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Voices Of The Civil Rights Movement: Black American Freedom Songs 1960-1966
Various Artists
Voices Of The Civil Rights Movement: Black American Freedom Songs 1960-1966
Genres: Blues, Folk, World Music, Special Interest, Pop, R&B, Gospel
 
  •  Track Listings (20) - Disc #1
  •  Track Listings (22) - Disc #2

No Description Available. Genre: Soul/R&B Media Format: Compact Disk Rating: Release Date: 21-JAN-1997

      
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CD Details

All Artists: Various Artists
Title: Voices Of The Civil Rights Movement: Black American Freedom Songs 1960-1966
Members Wishing: 1
Total Copies: 0
Label: Smithsonian Folkways
Original Release Date: 1/1/1997
Re-Release Date: 1/21/1997
Genres: Blues, Folk, World Music, Special Interest, Pop, R&B, Gospel
Styles: Traditional Blues, Traditional Folk, Poetry, Spoken Word & Interviews, By Decade, 1960s, Soul
Number of Discs: 2
SwapaCD Credits: 2
UPCs: 0684074008423, 093074008423

Synopsis

Product Description
No Description Available.
Genre: Soul/R&B
Media Format: Compact Disk
Rating:
Release Date: 21-JAN-1997

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CD Reviews

The Freedom Songs that were the life blood of the Movement
Lawrance M. Bernabo | The Zenith City, Duluth, Minnesota | 04/09/2002
(5 out of 5 stars)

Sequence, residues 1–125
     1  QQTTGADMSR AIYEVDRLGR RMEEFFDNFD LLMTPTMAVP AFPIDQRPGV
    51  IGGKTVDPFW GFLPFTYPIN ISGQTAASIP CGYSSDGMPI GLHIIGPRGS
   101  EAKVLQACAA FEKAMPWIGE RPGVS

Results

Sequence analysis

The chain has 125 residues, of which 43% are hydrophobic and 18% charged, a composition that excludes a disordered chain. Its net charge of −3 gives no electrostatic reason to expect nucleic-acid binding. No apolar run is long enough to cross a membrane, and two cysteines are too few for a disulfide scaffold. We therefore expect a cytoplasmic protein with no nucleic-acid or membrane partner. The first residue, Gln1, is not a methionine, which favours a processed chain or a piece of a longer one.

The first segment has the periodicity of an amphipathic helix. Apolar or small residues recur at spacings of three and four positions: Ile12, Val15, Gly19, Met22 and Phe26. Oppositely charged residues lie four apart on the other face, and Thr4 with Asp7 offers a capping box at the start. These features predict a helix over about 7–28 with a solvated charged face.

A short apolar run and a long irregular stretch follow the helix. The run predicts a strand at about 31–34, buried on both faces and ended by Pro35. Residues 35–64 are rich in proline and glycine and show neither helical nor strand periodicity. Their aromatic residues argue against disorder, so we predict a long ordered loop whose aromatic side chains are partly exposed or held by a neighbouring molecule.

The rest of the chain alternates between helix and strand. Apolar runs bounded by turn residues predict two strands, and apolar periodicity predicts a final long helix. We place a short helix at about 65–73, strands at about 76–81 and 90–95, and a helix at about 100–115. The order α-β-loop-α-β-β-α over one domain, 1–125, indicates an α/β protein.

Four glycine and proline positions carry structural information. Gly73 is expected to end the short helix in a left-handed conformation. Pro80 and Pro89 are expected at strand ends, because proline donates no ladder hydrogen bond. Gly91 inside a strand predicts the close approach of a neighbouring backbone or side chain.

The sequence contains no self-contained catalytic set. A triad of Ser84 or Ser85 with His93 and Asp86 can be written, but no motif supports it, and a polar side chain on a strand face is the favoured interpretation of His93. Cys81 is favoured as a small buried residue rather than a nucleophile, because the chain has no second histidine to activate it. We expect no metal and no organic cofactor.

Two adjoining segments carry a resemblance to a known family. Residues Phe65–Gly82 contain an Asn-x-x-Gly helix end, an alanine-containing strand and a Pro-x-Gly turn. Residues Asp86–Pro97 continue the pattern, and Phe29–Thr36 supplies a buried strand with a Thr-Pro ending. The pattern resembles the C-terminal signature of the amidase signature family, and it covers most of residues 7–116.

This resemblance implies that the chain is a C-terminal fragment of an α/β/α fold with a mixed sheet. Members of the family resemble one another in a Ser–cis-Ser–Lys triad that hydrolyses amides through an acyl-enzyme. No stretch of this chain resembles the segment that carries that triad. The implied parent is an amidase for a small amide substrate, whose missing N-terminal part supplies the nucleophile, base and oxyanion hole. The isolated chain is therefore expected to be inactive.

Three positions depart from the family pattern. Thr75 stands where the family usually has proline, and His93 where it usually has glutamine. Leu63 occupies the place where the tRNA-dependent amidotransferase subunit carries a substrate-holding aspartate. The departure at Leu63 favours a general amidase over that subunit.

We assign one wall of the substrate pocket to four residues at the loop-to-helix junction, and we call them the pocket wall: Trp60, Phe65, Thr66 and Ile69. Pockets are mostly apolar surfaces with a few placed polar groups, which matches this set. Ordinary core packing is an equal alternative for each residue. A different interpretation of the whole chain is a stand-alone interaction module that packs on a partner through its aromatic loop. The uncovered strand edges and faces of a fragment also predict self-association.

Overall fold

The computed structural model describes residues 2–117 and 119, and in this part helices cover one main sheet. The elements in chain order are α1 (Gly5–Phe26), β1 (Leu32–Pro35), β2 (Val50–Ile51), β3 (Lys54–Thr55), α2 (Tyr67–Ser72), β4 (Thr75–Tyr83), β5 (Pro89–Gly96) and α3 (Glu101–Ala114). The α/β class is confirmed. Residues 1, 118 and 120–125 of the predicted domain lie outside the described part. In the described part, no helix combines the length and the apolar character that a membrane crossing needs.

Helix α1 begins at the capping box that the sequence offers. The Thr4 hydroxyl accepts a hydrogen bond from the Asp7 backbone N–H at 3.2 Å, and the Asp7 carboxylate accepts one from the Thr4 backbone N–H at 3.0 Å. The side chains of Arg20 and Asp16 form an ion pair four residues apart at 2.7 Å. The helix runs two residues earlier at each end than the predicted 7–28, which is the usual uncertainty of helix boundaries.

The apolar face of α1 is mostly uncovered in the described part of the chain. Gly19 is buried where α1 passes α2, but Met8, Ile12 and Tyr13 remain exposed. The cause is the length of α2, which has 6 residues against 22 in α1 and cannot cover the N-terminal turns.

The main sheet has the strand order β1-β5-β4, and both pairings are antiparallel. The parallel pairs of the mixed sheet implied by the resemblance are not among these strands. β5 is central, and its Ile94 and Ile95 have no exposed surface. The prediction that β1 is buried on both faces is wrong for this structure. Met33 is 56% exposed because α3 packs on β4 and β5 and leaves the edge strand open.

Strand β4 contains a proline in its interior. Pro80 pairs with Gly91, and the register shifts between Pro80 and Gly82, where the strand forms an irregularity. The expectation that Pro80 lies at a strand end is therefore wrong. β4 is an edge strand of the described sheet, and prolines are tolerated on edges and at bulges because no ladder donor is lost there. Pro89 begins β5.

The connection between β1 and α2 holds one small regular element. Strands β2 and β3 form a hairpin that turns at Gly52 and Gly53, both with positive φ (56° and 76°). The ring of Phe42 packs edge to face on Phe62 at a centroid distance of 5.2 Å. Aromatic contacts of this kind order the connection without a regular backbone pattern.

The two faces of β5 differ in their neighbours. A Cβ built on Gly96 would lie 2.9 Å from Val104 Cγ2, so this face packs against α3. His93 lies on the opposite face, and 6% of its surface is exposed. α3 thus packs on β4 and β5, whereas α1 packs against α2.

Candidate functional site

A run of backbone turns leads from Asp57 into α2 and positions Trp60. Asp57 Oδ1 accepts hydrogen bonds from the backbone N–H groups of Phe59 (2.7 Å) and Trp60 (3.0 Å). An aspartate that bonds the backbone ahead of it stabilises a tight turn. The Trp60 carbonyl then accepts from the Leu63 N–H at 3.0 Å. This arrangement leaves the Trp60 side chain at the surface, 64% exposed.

"This double-CD reissue of "The Voices of the Civil Rights Movement: Black American Freedom Songs 1960-1966" documents the importance of songs in the Civil Rights Movement. Teachers covering this tumultuous time in American History in their class can certainly give students a better sense for the time by not only showing videos of the peaceful demonstrations and police brutality, but by playing them some of the songs from this album. Many of these freedom songs were recorded live in mass meetings held in churches. These are not just spirituals and gospel songs, but draw upon rhythm and blues, football chants, blues, and calypso for their beauty and energy. The first disc features songs from mass meetings, where a singer or core of singers leads the people in the singing of the songs, while the second focuses on ensemble works by the SNCC Freedom Singers and other groups. The accompanying booklet written by Bernice Johnson Reagon combines historic photographs with insights into each song, providing an excellent education in the meaning of the music. Reagon not only explains how these songs were song, but also which songs were prominent for the Selma-to-Montgomery March ("Governor Wallace"), "Freedom Train" for the vigil for the Mississippi Democratic Party elections, and so on. Chances are that unless you were involved in the Civil Rights Movement you will not especially recognize many of these songs, with "This Little Light of Mine," "Go Tell It On the Mountain," and "We Shall Overcome" being the obvious exceptions. But you will be surprised at some of the popular songs that were appropriate for the cause, such as "Calypso Freedom," based on Harry Belafonte's "The Banana Boat Song," and "Get Your Rights, Jack," based on the Ray Charles hit "Hit the Road, Jack." For me the song that stood out was "In the Mississippi River," written by Marshall Jones after the disappearance of three Civil Rights workers in Mississippi during the summer of 1964. As local rivers were dragged in search of the men, many other bodies were discovered, a chilling fact that certainly needs to be more than a historic footnote to that tragic event. There is also a lengthy segment from a sermon by Rev. Lawrence Campbell, which illustrates the song-sermons that were an integral part of the movement and its traditions. The result is a historical document of immense value to teachers and their students. Folkways Records was founded by Moses Asch and Marian Distler in 1948 to document music and spoken word from around the world. The Smithsonian Institution acquired Folkways from the Asch estate and has succeeded in preserving the best of the label's 2,200 albums. Smithsonian Folkways Recordings has continued this grand tradition. I have checked out a half-dozen of their offerings and their are uniformly superb, especially in terms of providing the historical context by which we can best appreciate these songs from another place and another time."